A company is a separate entity. A company’s capital is usually raised through issuing shares. It means dividing the company’s capital . Shareholders become the owners of the company. Shares are basically of two types-

  1. Equity Shares– They are known as the owners of the company , they have the voting rights in the board of a company. They have the maximum risk with no fixed return.
  2. Preferential shares –These are known as the preferred stock, these are paid dividends before equity share holders , they have less risk with no voting rights.

These shares are further divided into various categories. Lets look at them one by one.

source : google images


  1. Blue chip shares -The shares of the big companies are called blue chip shares. In addition, these shares have no fixed returns as the performance of these companies are uncertain.
  2. Income shares – The companies with relative stable income come under this category, these companies have stable performance.
  3. Growth shares – the companies giving less dividends in ratio of their profit falls under this category. Thus these companies have high growth potential.
  4. Cyclic shares- the companies having different or varied profit in different business cycle is a part of this category.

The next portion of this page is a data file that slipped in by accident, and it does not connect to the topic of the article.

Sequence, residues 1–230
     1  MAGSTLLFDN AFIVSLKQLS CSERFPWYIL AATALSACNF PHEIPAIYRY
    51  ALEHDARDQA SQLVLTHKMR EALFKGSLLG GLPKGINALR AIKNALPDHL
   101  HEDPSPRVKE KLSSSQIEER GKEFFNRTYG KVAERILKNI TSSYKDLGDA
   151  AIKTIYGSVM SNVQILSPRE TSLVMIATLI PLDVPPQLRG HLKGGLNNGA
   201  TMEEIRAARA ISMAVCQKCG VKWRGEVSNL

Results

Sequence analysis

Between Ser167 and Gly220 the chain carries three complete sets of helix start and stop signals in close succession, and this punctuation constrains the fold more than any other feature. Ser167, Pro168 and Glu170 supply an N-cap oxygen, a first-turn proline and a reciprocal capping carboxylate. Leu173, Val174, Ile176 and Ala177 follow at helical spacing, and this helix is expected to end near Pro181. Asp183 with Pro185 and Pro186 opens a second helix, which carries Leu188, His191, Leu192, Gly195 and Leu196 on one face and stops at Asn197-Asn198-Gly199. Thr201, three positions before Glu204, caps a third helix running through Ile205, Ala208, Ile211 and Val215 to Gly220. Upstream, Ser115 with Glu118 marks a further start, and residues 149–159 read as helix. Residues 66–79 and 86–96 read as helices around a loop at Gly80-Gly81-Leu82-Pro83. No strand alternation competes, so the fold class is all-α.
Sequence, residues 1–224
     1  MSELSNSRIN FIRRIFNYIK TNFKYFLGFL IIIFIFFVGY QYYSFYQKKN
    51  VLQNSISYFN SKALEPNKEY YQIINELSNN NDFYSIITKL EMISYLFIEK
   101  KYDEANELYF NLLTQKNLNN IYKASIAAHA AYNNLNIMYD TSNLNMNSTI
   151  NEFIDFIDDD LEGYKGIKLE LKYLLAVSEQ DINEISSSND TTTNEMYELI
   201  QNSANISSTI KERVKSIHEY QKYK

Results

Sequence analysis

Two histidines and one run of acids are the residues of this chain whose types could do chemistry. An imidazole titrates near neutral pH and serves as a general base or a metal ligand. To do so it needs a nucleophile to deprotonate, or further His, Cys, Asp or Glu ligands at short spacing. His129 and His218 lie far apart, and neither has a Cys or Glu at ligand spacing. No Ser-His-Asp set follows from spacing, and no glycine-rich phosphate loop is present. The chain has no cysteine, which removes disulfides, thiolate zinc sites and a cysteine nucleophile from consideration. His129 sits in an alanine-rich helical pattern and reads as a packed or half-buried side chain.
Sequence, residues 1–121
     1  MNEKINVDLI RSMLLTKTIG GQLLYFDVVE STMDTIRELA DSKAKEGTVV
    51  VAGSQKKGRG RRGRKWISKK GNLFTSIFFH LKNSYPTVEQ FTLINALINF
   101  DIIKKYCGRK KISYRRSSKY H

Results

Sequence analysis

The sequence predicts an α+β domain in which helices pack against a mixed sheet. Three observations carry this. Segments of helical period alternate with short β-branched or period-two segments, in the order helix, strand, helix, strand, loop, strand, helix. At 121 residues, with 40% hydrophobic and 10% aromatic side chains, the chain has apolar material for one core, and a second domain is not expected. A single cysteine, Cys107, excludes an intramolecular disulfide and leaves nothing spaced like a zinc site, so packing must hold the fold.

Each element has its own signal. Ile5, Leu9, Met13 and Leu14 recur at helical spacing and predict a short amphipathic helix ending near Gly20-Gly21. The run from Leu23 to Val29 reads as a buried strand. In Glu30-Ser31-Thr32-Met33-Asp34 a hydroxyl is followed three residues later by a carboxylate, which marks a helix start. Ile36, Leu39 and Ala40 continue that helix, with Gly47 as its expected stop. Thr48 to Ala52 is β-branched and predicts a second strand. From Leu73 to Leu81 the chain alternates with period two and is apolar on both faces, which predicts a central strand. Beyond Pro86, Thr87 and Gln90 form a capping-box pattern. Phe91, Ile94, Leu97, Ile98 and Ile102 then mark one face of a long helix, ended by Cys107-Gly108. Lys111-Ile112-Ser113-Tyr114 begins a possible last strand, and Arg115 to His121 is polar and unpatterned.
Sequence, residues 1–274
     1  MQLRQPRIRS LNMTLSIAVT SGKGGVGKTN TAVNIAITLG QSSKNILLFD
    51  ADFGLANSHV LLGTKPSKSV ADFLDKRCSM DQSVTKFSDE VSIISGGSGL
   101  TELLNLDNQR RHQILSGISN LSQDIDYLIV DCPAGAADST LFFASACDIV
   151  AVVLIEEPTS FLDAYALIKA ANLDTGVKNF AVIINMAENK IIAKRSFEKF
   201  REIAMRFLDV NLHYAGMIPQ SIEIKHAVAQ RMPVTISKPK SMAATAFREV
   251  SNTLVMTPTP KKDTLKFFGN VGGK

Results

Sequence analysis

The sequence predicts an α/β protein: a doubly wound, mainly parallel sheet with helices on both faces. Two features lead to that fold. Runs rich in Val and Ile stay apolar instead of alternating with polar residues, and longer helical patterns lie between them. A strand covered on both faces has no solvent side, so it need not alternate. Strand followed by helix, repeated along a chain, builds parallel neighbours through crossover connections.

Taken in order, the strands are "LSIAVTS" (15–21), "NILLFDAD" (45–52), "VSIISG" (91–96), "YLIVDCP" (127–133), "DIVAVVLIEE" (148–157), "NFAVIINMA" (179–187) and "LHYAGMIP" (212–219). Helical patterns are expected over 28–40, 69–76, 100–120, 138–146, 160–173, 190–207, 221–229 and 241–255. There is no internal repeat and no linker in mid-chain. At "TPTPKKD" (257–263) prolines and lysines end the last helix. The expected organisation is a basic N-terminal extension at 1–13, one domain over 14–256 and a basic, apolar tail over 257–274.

5. Defensive shares – some company shares do not vary with the economy these type are a part of this category.
  6. Speculation shares – the type of shares which do not fall in any of the above category is a part of this category, these may overlap blue chip shares.

  1. Cumulative and non- cumulative shares –  Suppose a company is not earning any profit for 3 years. But  it starts earning profit in the 4th year then the person with cumulative shares will have the profit for all the 4 years. However the other with non-cumulative share will only get profit for the 4th year
  2. Redeemable and non- redeemable shares. –  Non – redeemable shares can only be matured at the closing down of the company. But redeemable shares can be matured during anytime or before the company closes down
  3. Convertible and non- convertible shares –   The shares which can be converted into other financial instruments such as debentures etc are known as convertible and others which can’t be converted at the time of matured at the time of maturity are known as non – convertible shares
  4. Participating and non – participating shares – The surplus left with the company after paying off the debentures, preference share and equity share holders is then distributed between the equity and participating share holders.




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